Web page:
What Car? says...
The problem with electric SUVs is that, while they're cheap to run, they can be rather expensive to buy in the first place. There is one notable exception, though – the MG ZS EV.
The ZS EV is effectively an electric car version of the MG ZS – and that small SUV is one of MG's most rounded models to date. While the EV isn’t quite the bargain the petrol-powered car is, the ethos of value for money remains.
That makes sense, because ever since MG was relaunched by a Chinese company, the once-famous British sports car brand has concentrated on building value-focused models, with steadily increasing success.
You see, while the ZS EV costs lots less than direct rivals, it comes well equipped and impresses when it comes to range, with a Long Range version that can officially manage more than 270 miles.
Performance & drive
What it’s like to drive, and how quiet it is
One area where the MG ZS EV really outshines the petrol-powered ZS is when it comes to performance. You see, while the ZS feels sluggish, the ZS EV can officially sprint from 0-60mph in just over eight seconds, regardless of which version you’re driving.
That’s pretty respectable, and you’ll never find yourself wishing you had a little extra zip, even on faster A-roads. True, the Kia Niro EV is faster, taking 7.8 seconds to do the same sprint, but we doubt most buyers will notice the difference.
When you're not sprinting to 60mph, the ZS EV’s entry-level 49kWh battery can officially cover 198 miles between charges, while the Long Range’s 68.3kWh battery increases the range to 273 miles. For some context, the entry-level Niro EV and the Peugeot e-2008 can officially manage 285 miles and 250 miles respectively.
Of course, the actual range you manage in the real world will likely be different to those figures, and in our real-world tests, the Long Range version managed 246 miles on a charge.
So, the ZS EV's pace and range are both decent, but in most other respects it's so-so to drive. The steering isn’t as good as the Niro EV's or the e-2008's because, while the responses are predictable, there’s not much insight into what the front wheels are up to. You can change the steering weight to make it heavier, but that doesn't really help matters.
You wouldn’t exactly describe the ZS EV as 'fun' in many other respects. Its battery pack adds lots of extra weight compared with the petrol MG ZS so it’s no surprise that the EV doesn’t feel as light on its toes. In fairness, none of the ZS EV’s rivals are exactly joyous to drive – the Niro EV and the e-2008 are tauter and more agile, but still far from sporty.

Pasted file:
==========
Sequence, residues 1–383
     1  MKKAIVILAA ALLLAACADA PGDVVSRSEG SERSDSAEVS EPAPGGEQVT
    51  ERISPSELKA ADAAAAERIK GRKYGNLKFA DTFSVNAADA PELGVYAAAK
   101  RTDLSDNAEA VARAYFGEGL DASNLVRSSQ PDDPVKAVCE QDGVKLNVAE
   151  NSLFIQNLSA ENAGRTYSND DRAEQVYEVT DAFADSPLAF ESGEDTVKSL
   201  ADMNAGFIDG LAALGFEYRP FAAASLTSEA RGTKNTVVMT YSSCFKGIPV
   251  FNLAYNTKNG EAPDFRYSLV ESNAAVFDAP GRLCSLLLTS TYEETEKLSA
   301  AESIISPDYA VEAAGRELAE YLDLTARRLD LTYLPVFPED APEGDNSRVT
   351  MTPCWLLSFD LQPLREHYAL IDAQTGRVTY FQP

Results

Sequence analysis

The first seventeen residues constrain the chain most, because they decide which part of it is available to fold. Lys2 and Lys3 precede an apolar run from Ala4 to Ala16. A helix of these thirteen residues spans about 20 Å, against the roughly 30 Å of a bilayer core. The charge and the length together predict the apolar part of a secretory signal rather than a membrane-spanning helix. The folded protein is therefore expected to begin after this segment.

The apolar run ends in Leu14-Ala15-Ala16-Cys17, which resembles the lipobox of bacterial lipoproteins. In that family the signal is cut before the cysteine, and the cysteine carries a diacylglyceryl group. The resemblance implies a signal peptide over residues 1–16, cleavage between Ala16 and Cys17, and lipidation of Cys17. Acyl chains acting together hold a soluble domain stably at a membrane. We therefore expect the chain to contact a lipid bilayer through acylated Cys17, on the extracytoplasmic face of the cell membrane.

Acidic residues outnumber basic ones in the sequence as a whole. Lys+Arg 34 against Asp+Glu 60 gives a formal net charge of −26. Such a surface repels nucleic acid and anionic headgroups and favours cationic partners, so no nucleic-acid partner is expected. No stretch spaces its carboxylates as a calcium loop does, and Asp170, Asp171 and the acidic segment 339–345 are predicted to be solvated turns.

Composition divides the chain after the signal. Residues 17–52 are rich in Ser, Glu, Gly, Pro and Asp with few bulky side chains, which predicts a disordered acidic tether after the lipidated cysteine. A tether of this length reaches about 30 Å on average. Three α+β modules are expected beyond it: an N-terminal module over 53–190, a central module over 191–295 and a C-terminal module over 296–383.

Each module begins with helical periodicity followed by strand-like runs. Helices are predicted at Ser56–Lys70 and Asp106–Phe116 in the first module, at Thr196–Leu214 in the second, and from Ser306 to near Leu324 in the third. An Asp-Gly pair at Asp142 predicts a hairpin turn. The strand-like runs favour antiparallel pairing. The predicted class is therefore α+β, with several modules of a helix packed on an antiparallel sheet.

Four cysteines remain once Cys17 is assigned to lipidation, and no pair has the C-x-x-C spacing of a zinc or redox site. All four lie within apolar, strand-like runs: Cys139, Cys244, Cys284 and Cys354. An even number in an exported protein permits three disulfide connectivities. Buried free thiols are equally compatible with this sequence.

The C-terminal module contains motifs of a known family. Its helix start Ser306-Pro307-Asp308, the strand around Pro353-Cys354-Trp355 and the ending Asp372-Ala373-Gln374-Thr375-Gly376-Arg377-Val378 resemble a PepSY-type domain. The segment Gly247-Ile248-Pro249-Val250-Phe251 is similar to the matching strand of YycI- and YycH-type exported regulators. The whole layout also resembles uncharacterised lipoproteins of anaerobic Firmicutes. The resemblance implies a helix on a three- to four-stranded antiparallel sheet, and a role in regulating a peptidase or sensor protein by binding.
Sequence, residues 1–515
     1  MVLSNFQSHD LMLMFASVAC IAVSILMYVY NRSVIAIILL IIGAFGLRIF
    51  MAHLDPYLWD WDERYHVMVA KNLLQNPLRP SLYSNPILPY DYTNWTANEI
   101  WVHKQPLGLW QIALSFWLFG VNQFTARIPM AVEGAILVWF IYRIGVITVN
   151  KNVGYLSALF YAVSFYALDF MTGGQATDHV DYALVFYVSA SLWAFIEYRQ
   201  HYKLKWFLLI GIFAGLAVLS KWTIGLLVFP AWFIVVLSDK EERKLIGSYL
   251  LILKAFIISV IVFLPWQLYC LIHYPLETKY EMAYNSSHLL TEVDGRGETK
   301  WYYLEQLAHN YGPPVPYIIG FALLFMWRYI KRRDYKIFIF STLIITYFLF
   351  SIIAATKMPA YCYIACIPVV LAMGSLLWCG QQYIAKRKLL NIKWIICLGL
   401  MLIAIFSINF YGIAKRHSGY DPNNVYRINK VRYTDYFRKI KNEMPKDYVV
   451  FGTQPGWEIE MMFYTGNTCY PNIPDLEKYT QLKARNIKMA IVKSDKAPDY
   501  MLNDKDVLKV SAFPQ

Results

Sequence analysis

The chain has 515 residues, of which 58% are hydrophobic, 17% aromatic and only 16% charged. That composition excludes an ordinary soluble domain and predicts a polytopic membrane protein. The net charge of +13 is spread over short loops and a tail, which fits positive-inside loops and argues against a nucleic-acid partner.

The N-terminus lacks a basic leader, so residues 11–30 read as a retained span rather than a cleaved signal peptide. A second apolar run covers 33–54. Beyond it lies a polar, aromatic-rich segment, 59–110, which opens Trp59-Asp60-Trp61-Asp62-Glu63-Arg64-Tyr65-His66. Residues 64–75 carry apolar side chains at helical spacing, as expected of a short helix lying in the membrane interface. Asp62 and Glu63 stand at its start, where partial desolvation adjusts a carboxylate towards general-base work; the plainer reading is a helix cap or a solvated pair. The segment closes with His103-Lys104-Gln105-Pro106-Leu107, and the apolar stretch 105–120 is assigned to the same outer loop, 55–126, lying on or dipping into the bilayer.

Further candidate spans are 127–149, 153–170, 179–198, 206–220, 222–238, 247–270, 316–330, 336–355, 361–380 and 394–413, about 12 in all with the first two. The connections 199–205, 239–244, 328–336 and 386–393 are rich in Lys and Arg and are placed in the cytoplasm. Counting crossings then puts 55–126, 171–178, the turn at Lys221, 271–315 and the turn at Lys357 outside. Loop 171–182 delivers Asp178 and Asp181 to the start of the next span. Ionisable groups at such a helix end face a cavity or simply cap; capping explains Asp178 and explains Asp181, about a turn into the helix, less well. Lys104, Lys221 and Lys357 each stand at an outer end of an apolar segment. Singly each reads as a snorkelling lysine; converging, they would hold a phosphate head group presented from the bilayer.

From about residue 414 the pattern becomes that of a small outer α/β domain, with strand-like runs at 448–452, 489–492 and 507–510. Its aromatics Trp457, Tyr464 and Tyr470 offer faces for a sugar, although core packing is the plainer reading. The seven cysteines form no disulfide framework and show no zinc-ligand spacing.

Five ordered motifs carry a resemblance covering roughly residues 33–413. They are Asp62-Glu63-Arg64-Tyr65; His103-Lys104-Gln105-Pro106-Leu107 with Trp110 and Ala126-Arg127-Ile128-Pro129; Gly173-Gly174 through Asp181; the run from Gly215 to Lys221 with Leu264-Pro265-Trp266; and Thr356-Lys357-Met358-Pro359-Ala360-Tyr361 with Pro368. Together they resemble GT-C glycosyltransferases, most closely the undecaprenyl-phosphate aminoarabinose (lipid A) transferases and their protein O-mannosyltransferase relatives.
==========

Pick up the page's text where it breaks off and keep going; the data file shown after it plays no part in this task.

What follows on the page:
The thing is, ride comfort doesn’t appear on the ZS EV’s list of strengths either. Its relatively soft suspension handles big bumps well enough, but the car is easily unsettled by expansion joints – especially mid-corner – and you're jostled around along faster roads with minor imperfections. The Niro EV is more comfortable overall.
The ZS EV's brake pedal makes it relatively easy to judge how much pressure to apply when you want to slow down smoothly (the regenerative braking system in some electric cars wreaks havoc with that predictability).
Oddly, despite being an electric SUV and having no engine noise, the ZS EV isn't all that quiet on the move, because there's plenty of wind and road noise at 70mph. It’s never too intrusive, but the Niro EV is notably quieter as you drive along.
Strengths Good range between charges; decent performance
Weaknesses Rivals ride better; more wind and road noise than rivals; so-so to drive
The interior layout, fit and finish
The quality of the MG ZS EV's interior isn't too bad considering its budget price tag. You'll find soft-touch plastics on the dashboard, along with solid-feeling buttons and an impressive fit and finish. That said, the pricier Kia Niro EV feels a bit more upmarket.
The system responds quickly to your prods and the screen has fairly sharp graphics. Even so, the operating system isn't the most intuitive – the Hyundai Kona Electric and the Niro EV have more user-friendly infotainment systems.
You get a height-adjustable driver’s seat (electrically operated on the Trophy trim), although some might still struggle to find the perfect driving position because of the slightly unusual angle of the steering wheel.
The ZS EV still has a better driving position than the Peugeot e-2008 but the Kia Soul EV and the Niro EV are even more comfortable to sit in.
Seeing out of the front is pretty easy, thanks in part to the elevated driving position, but the view out of the rear is hindered by thick pillars.
Fortunately, rear parking sensors and a 360-degree parking camera are standard across the range. Meanwhile, good visibility at night comes courtesy of standard-fit automatic LED headlights, which is generous considering the ZS EV’s price tag.
Strengths Impressive interior quality; good forward visibility
Weaknesses Infotainment not particularly intuitive; driving position could be better